How to Diagnose

In diagnosing DVT (Deep Vein Thrombosis), your doctor will ask you some questions regarding your symptoms.
The doctor will also check for areas of discoloration, swelling, and tenderness. If the doctor isn't positive if you have had a blood clot, further testing will be suggested.

Duplex Ultrasound
A radiologist will place a wand-like device over an area of your body where the clot might be located. The wand sends sound waves into your body that bounce or echo the waves back to a computer which produces images of your blood vessels. A blood clot may be seen in the images. This test requires no radiation and is painless.

Blood Test (D dimer test)
A blood test is performed to see if you have an elevated blood level of a clot dissolving substance called D dimer. If D dimer is present, there is a good likelihood that a blood clot has developed. If D dimer is not present, it is unlikely that you have a blood clot.

Venography
A radioactive dye(contrast agent) is injected into the top of your foot or ankle. An X-ray is then taken that enables your doctor to see images of your veins in your legs and feet, so they can look for blood clots.

Magnetic Resonance Imaging (MRI)
An MRI can provide images of your veins that may show if a blood clot has formed. The test uses radio frequency waves and a strong magnetic field to create the images of your veins. MRI image testing does a good job of finding deep vein thrombosis(DVT) in the thigh and pelvis.

 


How is a pulmonary embolism (PE) diagnosed?

 

Diagnosing a pulmonary embolism can be difficult, especially with symptoms that are similar to heart and lung disease. Doctors will order a series of tests to determine if you have a pulmonary embolism (PE).


Blood Test (D dimer test)
A blood test is performed to see if you have an elevated blood level of a clot dissolving substance called D dimer. If D dimer is present, there is a good likelihood that a blood clot has developed. If D dimer is not present, it is unlikely that you have a blood clot.

Chest X-ray
An X-ray will show images of your heart and lungs. This X-ray will not diagnose a pulmonary embolism, but it can rule out other health issues that mimic a pulmonary embolism.

Computer Tomography Scans (CT Scans)
In testing for blood clots in your lungs, a dye will be injected into your arm. The dye enables the blood vessels to show up on X-ray images. A special machine, an X-ray tube, will rotate around you as your are lying down, and it will take multiple images from several angles. The CT scan is popular with doctors because it is quick and results are available soon after the scan. This scan does detect most cases of PE (Pulmonary Embolism).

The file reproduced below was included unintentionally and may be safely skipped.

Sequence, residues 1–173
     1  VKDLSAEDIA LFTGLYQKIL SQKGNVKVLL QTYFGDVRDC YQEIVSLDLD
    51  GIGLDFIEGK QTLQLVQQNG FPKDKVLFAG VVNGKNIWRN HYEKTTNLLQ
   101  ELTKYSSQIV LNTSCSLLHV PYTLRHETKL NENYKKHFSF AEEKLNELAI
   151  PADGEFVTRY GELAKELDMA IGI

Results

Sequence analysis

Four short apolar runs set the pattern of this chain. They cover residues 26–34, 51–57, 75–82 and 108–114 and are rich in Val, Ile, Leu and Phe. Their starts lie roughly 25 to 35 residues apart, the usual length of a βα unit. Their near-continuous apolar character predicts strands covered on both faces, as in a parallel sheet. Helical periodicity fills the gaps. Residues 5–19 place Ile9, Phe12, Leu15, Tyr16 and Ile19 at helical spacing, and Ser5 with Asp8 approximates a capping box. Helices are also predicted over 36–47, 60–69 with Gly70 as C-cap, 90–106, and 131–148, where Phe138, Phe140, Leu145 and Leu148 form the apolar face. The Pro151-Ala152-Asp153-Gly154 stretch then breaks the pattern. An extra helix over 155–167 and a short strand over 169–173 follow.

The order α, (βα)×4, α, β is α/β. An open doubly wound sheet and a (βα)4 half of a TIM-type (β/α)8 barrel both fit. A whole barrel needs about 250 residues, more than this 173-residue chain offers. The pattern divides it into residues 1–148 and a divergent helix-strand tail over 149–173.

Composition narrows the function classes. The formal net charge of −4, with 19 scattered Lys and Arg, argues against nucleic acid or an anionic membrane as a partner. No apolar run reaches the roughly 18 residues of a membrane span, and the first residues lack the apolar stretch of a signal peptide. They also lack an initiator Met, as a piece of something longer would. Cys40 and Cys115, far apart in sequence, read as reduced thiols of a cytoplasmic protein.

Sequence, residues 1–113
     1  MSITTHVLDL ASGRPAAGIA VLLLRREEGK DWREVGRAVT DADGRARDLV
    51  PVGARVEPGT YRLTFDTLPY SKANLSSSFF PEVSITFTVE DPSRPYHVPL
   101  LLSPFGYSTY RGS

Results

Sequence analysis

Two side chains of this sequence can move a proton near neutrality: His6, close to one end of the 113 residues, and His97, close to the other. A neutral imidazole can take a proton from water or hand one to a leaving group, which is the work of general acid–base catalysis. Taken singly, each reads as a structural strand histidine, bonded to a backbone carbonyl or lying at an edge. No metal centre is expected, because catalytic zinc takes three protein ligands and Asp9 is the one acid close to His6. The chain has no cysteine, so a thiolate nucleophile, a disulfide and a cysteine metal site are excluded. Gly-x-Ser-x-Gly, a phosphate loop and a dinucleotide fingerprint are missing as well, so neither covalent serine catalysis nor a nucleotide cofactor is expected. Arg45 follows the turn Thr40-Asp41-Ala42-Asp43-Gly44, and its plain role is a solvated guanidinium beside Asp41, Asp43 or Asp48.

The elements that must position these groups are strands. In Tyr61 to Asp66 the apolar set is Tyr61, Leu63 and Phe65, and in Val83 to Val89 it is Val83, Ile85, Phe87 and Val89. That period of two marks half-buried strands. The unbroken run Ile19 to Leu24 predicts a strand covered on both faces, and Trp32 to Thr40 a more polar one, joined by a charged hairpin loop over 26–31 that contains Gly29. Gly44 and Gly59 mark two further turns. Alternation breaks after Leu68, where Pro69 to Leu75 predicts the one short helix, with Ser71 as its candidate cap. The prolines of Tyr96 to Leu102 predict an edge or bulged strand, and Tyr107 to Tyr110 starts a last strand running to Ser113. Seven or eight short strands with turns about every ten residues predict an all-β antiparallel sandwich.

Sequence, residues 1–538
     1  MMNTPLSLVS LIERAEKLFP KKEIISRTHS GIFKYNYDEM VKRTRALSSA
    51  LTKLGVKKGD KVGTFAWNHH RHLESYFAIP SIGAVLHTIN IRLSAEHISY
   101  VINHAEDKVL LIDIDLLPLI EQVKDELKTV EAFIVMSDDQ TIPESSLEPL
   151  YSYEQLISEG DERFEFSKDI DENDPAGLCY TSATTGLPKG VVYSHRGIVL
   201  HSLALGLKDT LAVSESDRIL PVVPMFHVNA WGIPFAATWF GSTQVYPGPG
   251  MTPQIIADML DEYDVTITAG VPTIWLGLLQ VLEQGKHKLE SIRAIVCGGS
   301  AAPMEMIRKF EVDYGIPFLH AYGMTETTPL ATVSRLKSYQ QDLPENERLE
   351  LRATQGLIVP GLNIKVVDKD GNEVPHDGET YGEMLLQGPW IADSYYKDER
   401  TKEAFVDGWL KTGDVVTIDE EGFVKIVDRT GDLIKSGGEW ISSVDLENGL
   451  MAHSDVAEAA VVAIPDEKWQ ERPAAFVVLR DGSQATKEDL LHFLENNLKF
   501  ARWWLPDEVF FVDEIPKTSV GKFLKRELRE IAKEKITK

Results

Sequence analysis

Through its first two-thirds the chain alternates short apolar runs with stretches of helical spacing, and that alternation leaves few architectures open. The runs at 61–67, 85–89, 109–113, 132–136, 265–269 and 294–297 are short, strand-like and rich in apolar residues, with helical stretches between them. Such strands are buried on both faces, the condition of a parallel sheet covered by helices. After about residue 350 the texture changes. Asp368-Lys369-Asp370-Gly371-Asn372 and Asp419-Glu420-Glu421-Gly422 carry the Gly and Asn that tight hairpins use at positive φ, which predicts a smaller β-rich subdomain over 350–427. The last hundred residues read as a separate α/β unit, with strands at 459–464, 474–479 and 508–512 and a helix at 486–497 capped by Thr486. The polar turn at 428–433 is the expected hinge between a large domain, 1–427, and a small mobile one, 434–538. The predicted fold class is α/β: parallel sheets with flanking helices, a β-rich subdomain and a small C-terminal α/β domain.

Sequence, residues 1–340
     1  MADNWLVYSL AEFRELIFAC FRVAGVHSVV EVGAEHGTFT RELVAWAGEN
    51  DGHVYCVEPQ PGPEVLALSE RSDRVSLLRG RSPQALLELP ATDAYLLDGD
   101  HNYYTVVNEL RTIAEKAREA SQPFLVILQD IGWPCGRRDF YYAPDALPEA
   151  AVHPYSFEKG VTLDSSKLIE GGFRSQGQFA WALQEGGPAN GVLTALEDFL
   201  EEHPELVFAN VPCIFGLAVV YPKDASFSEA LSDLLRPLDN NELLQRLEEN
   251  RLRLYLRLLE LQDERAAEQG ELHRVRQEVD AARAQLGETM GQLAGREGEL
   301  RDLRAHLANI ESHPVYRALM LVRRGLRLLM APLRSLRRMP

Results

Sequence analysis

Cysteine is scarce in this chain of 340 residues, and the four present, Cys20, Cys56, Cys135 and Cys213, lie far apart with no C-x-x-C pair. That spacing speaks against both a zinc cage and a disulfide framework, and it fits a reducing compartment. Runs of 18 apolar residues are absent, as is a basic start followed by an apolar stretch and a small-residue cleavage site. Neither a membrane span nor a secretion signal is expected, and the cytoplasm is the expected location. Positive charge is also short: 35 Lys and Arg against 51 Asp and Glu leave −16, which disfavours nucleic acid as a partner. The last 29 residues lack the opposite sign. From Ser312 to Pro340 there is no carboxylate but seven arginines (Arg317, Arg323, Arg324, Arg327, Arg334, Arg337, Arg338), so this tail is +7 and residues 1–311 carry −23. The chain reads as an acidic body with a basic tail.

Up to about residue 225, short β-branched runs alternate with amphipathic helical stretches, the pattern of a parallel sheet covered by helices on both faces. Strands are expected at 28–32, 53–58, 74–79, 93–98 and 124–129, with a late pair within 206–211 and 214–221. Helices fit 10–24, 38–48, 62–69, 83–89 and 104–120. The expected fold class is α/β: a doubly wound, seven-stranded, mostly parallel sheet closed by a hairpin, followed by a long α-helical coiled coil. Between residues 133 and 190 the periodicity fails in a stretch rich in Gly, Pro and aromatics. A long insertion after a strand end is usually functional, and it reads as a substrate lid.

V/Q Lung Scan
During this scan, a radioactive material will be given to you in the beginning to inhale. A camera that detects radioactive substances will then analyze the movement of air in your lungs. The second part of the scan, you will have a very small amount of radioactive material injected into your arm and images are then taken to analyze blood flow in the blood vessels and lungs. These results will enable doctors to provide a diagnosis of a pulmonary embolism.

Pulmonary Angiogram
This test allows doctors to see the blood flow in the arteries of your lungs. A catheter is inserted into a large vein, most of the time in the groin area, and then it is advanced(threaded) through the heart into the blood vessels of the lungs. A dye is injected into the blood vessels via the catheter. X-rays are taken to show the blood flow through the blood vessels into the lungs. Doctors will then look for a blood clot. If a blood clot is found, a doctor may decide to use the catheter to remove the clot or to deliver medicine to dissolve it.  The pulmonary angiogram is the most accurate test to diagnose a pulmonary embolism, but the test must be administered by a trained specialist. Sometimes doctors perform this test as a last resort due to the serious risks that can occur.
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